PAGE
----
BAKER SAID some members of St. Aidan’s were disappointed that the Episcopal Church seemed to have stepped back from its affirmation of homosexuals in its highest offices. But he held a less radical view of the decision. “I don’t think we’re backing up,” he said. “It’s just allowing further time to see whether we can find some way to live together with our differences. [The Church proved] We’re willing to go a long way to stay in the room with people we respect and disagree with.”

But Sevier said the effort expended by church leaders to stay in the room with one another may leave ordinary parishioners feeling left out. “Is our aim the body of Christ or a cause célèbre?” he asked. “People come to church not for controversy but to worship almighty God. When people find themselves in a church surrounded by all this controversy, this is not a place they come to find solace and spiritual renewal.” Sevier said his congregation would gladly welcome gays and lesbians into their church, but would not elect them to positions of leadership.

“The Episcopal Church welcomes you,” Sevier said, quoting a phrase prominently displayed on the signs of most of the country’s churches, “I believe that to the depths of my soul. We’re a church of hospitality. But in the name of hospitality you don’t rewrite 2000 years of church teaching.”

THE DIVIDE REDUCES to this: how to prioritize the twenty-first century’s concept of welcome and acceptance when it conflicts with Scriptural injunctions that have survived since long before the first century.

For Sevier and his conservative congregation, the church’s rejection of the plainly-written principles it was founded on are a source of pain. “This is not the faith entrusted to the saints,” Sevier explained. “At no point in the Bible is there anything permissive about sexual behavior outside the bonds of marriage.”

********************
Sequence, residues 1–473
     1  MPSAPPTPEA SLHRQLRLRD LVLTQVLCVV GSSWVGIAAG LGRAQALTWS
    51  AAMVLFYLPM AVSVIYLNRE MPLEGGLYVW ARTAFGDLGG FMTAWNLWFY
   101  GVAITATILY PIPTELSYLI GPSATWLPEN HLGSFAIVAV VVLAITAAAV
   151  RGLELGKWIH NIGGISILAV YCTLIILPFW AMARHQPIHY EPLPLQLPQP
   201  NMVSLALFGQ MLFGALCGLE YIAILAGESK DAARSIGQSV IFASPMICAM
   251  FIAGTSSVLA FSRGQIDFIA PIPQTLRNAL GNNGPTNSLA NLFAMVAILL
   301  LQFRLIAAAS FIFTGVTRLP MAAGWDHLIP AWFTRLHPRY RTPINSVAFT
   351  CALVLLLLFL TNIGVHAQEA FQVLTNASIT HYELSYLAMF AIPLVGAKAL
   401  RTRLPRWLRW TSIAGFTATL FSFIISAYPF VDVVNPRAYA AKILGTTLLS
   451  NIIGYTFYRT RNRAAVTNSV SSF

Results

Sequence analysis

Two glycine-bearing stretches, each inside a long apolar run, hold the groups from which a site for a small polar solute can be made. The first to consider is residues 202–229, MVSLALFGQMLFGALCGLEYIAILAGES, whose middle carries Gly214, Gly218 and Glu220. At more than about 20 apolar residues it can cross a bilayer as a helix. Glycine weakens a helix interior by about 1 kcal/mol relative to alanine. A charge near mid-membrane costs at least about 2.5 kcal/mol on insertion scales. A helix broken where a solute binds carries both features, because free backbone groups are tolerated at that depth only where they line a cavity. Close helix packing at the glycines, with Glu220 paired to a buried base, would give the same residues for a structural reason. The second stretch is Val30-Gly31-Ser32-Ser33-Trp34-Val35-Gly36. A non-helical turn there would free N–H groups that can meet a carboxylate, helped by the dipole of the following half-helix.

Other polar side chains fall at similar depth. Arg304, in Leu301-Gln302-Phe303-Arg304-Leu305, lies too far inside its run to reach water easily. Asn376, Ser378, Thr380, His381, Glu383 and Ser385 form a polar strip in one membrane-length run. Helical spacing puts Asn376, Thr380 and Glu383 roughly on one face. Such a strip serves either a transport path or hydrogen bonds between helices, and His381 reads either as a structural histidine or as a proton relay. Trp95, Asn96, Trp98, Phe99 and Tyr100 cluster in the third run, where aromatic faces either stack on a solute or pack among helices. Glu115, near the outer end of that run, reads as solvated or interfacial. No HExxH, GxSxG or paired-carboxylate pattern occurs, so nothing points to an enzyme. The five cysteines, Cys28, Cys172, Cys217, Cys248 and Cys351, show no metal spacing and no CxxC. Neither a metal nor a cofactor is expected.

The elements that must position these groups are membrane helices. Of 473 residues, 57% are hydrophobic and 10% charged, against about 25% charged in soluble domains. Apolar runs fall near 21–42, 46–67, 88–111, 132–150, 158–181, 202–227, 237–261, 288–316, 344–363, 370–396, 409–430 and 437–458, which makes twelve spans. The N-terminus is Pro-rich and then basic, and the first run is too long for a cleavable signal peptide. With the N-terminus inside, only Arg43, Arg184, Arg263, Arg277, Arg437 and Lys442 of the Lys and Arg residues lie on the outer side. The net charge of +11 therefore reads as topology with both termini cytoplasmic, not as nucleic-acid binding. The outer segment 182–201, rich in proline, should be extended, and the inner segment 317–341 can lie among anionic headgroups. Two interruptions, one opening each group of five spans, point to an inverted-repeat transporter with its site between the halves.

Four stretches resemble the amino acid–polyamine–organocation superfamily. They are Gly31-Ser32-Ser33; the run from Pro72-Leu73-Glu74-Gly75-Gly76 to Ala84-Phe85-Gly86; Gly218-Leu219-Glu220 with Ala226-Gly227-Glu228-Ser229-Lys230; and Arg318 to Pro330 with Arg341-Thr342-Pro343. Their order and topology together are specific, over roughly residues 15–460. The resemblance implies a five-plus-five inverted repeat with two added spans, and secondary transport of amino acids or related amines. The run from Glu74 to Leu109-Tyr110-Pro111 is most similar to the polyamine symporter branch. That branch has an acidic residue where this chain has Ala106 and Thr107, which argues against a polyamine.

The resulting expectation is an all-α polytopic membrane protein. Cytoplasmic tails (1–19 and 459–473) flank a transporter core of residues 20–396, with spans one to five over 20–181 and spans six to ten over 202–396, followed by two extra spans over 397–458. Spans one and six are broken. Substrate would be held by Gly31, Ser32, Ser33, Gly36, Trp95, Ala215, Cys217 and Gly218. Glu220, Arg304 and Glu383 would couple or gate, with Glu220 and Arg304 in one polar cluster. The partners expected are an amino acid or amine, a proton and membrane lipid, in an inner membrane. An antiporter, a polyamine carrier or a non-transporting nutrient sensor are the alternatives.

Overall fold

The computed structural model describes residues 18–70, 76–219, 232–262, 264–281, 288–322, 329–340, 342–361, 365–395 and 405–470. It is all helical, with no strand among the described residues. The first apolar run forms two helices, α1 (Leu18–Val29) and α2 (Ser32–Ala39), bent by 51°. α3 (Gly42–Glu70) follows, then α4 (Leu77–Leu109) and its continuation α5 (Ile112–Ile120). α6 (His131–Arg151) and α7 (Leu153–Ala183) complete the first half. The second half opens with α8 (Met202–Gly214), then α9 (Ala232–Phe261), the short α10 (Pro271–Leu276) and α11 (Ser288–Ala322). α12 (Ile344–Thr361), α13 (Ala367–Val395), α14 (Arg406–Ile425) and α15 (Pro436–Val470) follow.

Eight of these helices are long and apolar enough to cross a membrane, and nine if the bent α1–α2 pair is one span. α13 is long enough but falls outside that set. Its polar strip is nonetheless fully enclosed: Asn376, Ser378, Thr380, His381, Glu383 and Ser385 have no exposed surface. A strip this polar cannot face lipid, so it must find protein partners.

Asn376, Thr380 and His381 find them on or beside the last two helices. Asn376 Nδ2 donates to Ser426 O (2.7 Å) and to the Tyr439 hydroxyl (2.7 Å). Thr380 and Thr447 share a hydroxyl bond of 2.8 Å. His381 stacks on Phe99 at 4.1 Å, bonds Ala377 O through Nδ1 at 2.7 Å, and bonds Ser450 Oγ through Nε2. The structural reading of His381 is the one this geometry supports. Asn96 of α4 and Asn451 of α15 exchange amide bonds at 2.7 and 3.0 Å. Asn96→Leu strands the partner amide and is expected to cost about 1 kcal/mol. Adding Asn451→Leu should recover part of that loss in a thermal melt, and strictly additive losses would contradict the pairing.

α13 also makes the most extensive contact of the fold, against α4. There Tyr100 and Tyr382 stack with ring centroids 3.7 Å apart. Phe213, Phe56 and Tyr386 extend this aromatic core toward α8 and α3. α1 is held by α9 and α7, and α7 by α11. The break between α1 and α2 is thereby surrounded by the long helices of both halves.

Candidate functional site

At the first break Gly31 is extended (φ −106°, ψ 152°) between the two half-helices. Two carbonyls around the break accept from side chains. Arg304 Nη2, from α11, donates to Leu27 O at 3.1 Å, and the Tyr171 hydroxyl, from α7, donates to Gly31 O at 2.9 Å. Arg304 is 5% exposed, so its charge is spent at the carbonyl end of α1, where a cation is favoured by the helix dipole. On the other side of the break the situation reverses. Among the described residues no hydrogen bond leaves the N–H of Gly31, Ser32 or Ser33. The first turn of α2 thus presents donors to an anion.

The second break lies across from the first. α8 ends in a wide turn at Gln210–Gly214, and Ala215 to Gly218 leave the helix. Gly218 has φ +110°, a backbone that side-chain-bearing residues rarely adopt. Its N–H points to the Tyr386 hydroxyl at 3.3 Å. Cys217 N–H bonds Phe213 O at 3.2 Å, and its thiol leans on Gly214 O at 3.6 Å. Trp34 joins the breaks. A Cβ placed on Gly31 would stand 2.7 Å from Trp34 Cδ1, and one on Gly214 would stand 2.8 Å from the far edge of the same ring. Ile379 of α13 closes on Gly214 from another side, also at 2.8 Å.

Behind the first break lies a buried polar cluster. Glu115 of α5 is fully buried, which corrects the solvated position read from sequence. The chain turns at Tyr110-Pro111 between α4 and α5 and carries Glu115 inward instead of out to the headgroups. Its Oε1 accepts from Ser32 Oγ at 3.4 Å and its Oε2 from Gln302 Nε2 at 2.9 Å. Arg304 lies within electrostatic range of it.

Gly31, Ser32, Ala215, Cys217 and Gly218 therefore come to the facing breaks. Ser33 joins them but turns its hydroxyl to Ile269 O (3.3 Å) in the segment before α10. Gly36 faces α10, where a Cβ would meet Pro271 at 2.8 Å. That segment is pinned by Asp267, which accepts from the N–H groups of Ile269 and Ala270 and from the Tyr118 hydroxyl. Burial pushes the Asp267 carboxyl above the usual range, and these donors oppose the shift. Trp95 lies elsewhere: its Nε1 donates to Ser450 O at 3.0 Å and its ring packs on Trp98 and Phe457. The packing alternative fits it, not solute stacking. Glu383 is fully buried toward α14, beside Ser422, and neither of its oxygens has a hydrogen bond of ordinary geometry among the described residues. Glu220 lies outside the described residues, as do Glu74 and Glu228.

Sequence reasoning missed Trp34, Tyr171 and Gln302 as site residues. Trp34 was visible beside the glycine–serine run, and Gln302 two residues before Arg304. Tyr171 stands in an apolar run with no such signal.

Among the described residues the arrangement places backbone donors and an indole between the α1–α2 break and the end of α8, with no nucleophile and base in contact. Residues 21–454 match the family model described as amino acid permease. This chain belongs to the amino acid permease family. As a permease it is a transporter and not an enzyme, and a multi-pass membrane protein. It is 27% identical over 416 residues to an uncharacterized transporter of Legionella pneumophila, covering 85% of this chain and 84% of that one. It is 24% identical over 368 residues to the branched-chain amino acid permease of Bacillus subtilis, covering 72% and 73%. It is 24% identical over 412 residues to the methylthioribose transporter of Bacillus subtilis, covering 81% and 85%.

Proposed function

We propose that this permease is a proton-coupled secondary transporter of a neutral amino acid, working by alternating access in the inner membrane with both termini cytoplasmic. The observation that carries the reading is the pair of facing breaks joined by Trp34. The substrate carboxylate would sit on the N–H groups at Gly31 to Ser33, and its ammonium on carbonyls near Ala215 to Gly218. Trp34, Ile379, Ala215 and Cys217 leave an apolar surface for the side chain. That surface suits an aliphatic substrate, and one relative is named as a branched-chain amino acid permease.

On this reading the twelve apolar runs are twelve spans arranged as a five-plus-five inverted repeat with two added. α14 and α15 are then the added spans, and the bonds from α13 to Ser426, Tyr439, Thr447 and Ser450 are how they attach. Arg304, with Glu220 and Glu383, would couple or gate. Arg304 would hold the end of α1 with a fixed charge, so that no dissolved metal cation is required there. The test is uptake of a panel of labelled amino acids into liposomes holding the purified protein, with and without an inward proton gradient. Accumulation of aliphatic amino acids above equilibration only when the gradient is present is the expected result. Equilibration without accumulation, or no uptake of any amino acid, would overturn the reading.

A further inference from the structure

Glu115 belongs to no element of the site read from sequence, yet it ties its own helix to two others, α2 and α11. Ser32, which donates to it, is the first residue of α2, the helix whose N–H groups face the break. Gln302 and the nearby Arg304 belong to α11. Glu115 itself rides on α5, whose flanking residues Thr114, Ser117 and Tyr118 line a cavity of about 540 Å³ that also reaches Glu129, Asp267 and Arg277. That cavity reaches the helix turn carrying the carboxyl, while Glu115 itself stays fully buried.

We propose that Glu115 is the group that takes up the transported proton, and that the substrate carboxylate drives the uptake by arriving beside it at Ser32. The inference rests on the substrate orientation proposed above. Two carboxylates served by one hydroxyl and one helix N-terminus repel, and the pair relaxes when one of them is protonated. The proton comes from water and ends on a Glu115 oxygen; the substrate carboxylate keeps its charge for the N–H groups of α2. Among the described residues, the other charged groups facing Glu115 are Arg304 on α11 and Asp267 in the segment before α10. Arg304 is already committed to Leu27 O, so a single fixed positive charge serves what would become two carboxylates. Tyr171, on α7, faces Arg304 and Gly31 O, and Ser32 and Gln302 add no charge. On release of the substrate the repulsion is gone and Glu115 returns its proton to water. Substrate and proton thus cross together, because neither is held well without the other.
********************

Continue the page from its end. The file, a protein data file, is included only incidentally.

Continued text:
Sevier said being “scripturally faithful” does not mean being “scripturally literal.” Rather it means his church takes the scriptures “seriously,” prioritizing biblical teachings above the shifting definitions of what is socially and morally acceptable at any given time in history.

But Baker said he believes the church’s affirmation of a group of people judged as behaving immorally is in line with the timeless meaning of the Gospels.

“When people came to Jesus and told him that this group of outcasts was misbehaving, Jesus tended to side with the outcasts,” Baker said. He described the church’s affirmation of homosexuals not as a moving-away from the holiness of scripture but as a moving-towards God’s desire for humanity. “I think you've got to go where God’s calling,” he said. “I think this is where God’s calling the Episcopal Church to be.”

Baker believes that although the church may be alienating conservatives in Africa and other countries, it may inspire the many people in the northern hemisphere who feel that Christianity does not reflect their values. “I think there does need to be a more liberal church among the Christian denominations,” he said. “I think the Episcopal Church has traditionally been that. I hope we keep it up.”

But despite the recent compromise, both priests said the church may not hold together amide the conflict between conservative and liberal principles that seem to be based on mutually exclusive understandings of the Episcopal faith.

“I think you work to find a balance and a compromise for a long, long time,” Baker said. “I’m not sure that’s always possible.” He cited the Christian church’s history of periodic schisms.

Sevier said he could see no ultimate resolution. “At the least, we’re going to have a splintered existence,” he said, “at the very worst, a schism. And both are contrary to the unity of the church that Jesus prayed for.”